3 Frequently Asked Questions About the Probate Process

If you intend to draft a will, you should first know that a probate court must review it before your loved ones can receive any property listed within. Some people may not like this idea, but without a will, you could be leaving the distribution of your property up to chance.

By that, we mean that without a will, upon your passing, a court may end up distributing your belongings to family and friends. This means that certain individuals won’t be getting that certain item you wanted for them to inherit.

Below, we’ll be going over three common questions that most people have about probate court. Our probate attorneys in McAllen hope that answering them sheds some light on this very serious and sometimes complicated topic.

What is Probate Court?

Every county in Texas has a probate court and judge who ensures that your will is legally valid before allowing an executor to distribute the items listed within it to your loved ones. There are two main types of wills:

  • A holographic will is written and needs no witnesses.
  • An attested will is typically typewritten and may require two or more witnesses over 19 years old who are not beneficiaries.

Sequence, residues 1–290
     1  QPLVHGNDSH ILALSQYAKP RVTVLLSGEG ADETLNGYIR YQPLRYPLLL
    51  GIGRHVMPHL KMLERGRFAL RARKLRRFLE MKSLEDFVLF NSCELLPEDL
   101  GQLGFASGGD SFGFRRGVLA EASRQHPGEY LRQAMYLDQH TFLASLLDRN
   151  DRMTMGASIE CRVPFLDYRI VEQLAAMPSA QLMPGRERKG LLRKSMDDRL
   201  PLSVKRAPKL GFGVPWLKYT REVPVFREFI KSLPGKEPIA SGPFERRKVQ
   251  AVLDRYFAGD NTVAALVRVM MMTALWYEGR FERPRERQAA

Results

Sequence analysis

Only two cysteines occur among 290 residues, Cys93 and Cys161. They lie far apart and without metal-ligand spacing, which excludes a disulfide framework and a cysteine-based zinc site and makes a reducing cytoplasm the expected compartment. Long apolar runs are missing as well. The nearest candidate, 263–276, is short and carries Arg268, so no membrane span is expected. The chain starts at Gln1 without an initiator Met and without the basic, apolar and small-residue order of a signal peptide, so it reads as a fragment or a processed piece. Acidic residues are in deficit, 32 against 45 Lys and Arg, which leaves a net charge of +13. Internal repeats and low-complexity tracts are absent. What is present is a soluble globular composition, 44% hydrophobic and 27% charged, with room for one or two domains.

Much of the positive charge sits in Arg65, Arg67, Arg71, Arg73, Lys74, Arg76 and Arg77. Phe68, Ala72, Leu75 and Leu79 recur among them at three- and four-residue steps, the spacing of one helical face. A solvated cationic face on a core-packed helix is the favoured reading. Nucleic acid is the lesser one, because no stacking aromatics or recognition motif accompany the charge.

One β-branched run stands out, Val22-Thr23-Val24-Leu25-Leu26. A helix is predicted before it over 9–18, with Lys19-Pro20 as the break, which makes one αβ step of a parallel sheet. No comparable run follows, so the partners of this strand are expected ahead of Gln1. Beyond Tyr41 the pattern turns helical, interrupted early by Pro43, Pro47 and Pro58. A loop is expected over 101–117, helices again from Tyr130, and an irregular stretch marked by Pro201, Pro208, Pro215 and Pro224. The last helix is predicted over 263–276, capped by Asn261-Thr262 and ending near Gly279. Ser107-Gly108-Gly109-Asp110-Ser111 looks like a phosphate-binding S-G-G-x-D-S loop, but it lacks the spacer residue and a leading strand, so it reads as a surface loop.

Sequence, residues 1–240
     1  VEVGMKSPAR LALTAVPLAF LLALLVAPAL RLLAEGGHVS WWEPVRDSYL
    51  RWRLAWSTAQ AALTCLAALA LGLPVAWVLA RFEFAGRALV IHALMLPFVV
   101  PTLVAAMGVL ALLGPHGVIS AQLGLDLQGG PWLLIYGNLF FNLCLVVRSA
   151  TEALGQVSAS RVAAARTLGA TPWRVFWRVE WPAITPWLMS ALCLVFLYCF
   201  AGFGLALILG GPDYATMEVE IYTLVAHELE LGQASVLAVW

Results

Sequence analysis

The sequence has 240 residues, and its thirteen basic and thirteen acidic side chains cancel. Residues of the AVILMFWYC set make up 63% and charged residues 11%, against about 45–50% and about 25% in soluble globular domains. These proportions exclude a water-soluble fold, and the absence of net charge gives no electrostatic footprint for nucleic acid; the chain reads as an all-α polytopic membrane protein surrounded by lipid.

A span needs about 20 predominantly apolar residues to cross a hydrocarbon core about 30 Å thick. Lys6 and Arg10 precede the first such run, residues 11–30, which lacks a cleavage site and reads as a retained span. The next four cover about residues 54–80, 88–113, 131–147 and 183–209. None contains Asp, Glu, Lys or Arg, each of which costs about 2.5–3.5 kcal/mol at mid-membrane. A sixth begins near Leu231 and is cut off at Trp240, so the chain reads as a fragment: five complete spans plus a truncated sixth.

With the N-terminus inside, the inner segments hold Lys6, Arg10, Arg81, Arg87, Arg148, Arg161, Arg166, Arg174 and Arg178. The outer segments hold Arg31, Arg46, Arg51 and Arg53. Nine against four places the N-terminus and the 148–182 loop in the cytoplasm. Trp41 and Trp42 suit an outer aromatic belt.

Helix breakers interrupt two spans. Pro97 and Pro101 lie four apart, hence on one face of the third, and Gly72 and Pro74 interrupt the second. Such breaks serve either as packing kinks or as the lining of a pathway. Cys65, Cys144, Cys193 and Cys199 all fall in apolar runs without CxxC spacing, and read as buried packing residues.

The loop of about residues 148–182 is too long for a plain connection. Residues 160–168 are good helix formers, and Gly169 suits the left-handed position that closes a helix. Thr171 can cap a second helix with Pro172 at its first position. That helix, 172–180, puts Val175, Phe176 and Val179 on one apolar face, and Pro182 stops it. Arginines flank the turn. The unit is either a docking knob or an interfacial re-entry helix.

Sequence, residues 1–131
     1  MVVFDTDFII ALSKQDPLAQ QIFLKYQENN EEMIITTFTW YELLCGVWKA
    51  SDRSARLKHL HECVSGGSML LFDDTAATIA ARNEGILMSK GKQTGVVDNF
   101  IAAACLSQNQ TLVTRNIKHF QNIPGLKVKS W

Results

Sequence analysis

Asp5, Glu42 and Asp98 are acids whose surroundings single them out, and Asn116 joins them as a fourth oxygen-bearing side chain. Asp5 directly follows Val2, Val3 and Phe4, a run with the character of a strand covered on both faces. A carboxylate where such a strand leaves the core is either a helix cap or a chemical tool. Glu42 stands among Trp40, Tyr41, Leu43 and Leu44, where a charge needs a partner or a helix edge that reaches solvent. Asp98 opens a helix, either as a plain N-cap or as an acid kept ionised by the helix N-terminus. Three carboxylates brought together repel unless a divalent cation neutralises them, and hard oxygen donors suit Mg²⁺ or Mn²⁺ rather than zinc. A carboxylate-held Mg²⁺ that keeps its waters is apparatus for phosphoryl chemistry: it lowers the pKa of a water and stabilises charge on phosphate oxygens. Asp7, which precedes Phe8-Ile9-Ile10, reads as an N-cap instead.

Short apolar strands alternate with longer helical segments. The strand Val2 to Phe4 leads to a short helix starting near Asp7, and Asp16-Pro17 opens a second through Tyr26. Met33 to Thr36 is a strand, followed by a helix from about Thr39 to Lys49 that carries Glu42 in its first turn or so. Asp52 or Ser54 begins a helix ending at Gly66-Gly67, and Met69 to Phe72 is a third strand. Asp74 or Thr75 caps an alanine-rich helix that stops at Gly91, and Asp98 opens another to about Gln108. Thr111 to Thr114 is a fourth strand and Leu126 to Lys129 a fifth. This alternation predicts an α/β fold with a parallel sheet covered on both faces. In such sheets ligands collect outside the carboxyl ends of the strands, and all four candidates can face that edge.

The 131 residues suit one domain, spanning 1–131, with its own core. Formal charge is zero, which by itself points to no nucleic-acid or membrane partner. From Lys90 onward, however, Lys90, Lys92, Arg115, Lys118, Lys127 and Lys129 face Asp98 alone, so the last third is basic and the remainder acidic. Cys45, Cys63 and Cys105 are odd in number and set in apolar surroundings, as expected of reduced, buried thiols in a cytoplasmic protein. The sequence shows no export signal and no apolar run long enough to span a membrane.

How Does the Probate Process Start?

The probate process starts when a loved one files your will for probate. It must have been completed within four years of your passing. If not, a probate judge will not have to recognize it and can order the court to distribute your belongings to family and friends instead. This is why we urge you to update your will occasionally, even for the smallest change.

Is Drafting a Will Necessary?

Although no one is legally required to draft a will and go through the probate process, there are several upsides in doing so. As we mentioned before, creating a will allows you to distribute your property to those you want. You can also:

Draft Your Will with Our Help

Contact our probate attorneys in McAllen for more information about drafting a will, the probate process, or what to expect in probate court!

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